The race web site has some great pictures from the race. Click here to see more.
The Star-Telegram has a very nice description in Tuesday's paper. I can't say it makes me eager to enter this race, but it might be kind of cool . . . . Here's the link to the article. I've included the text below, in case you don't want to go to the S-T web page.
Colleyville attorney goes the distance in Sahara ultramarathon
By NICHOLAS SAKELARIS
COLLEYVILLE -- Lugging 45 pounds of gear, Colleyville attorney Alfonso Chan crossed the Sahara in a grueling seven-day, 151-mile ultramarathon.
He endured temperatures that topped 120 degrees in the daytime, melting his nylon-blend socks. At night, temperatures would drop to 40 degrees.
On he went, crossing dry riverbeds and salt flats, jumping over deep crevices, and climbing sand dunes and hills covered with jagged rocks. Thoughts of his wife, Sharon, and their two children provided a needed distraction as he persevered.
"I always kept thinking about home," he said.
Chan, who turned 40 in January, returned home this month after completing the Sultan Marathon des Sables, an event that drew more than 1,000 runners worldwide. He achieved a goal that many didn't: He completed the race.
Sharon Chan said her husband trained relentlessly for what has been called the hardest race on the planet.
Competitors must carry their sleeping bags and food through miles of Moroccan desert. There are no trails or roads to follow. Instead the runners use a compass to find their way along the course, much of which is in desert sand. Chan carried Kevlar poles for the sand dunes, though they were not very effective in some of the deeper dunes, and he carried goggles and a headscarf to deal with sandstorms.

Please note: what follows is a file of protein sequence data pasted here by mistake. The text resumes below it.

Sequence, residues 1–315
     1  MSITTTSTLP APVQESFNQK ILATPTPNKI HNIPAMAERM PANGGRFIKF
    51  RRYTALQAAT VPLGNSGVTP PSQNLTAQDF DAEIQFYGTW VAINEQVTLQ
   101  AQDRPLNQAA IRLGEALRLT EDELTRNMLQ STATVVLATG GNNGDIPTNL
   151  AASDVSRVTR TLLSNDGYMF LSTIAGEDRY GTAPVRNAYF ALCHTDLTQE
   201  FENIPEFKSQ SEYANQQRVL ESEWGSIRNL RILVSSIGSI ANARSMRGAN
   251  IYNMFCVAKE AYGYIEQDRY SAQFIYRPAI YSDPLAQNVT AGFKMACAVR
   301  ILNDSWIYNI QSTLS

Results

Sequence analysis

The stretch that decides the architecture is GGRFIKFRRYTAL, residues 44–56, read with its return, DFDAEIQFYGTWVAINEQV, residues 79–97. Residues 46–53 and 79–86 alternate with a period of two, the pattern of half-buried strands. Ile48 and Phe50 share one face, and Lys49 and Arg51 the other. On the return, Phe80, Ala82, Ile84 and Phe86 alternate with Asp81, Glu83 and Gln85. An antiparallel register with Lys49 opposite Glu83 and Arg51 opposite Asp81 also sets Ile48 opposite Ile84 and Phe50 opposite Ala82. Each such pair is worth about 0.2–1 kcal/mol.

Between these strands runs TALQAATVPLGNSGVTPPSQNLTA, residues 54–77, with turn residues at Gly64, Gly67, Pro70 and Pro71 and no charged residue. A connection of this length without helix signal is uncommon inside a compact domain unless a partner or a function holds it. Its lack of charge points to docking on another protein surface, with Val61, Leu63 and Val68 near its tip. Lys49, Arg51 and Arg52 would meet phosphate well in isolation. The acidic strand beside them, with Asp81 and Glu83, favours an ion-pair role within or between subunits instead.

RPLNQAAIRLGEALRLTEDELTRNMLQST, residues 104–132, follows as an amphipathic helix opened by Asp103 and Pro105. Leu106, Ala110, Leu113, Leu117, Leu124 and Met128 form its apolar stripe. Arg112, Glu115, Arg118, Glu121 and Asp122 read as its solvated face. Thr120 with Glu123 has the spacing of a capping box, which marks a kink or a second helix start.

Runners were supplied with water every 10 kilometers, or 6.2 miles. Each night, competitors camped in tents provided for them. There are no showers and no bathrooms. For food, Chan stocked up on beef jerky and dried meals similar to ones used by the military.
The course was six stages, each a different distance. The first three days, runners averaged about 21 miles per day, alternating between running and walking. The fourth stage was a nightmarish 51 miles and took Chan 24 hours to complete.
When he arrived at the camp at 9 a.m., Chan and the other runners got a much-needed day off with a special performance by a singer and musicians flown in from the Paris Opera.
But what he appreciated most was the tiny soft drink each runner received that evening. After he had lived off dried rations and salt tablets, a soda was a "huge" treat, he said.
Chan also received treatment for blisters from his melted socks. He had only one spare. "So I borrowed two used pairs from my tent-mates and doubled up on socks during the final two stages," he said.
He hit the sand again the next day with 26.2 miles and then had a 12- to 13-mile finale April 10.
Chan, who started the race at about 215 pounds, lost about 12 pounds.
He doesn't consider himself a professional athlete. His ability to manage fluid and electrolyte intake was the key to finishing the race, he said.
His wife said his mental and physical toughness saw him through.
"He's got this crazy endurance," she said. "He can just go and go forever."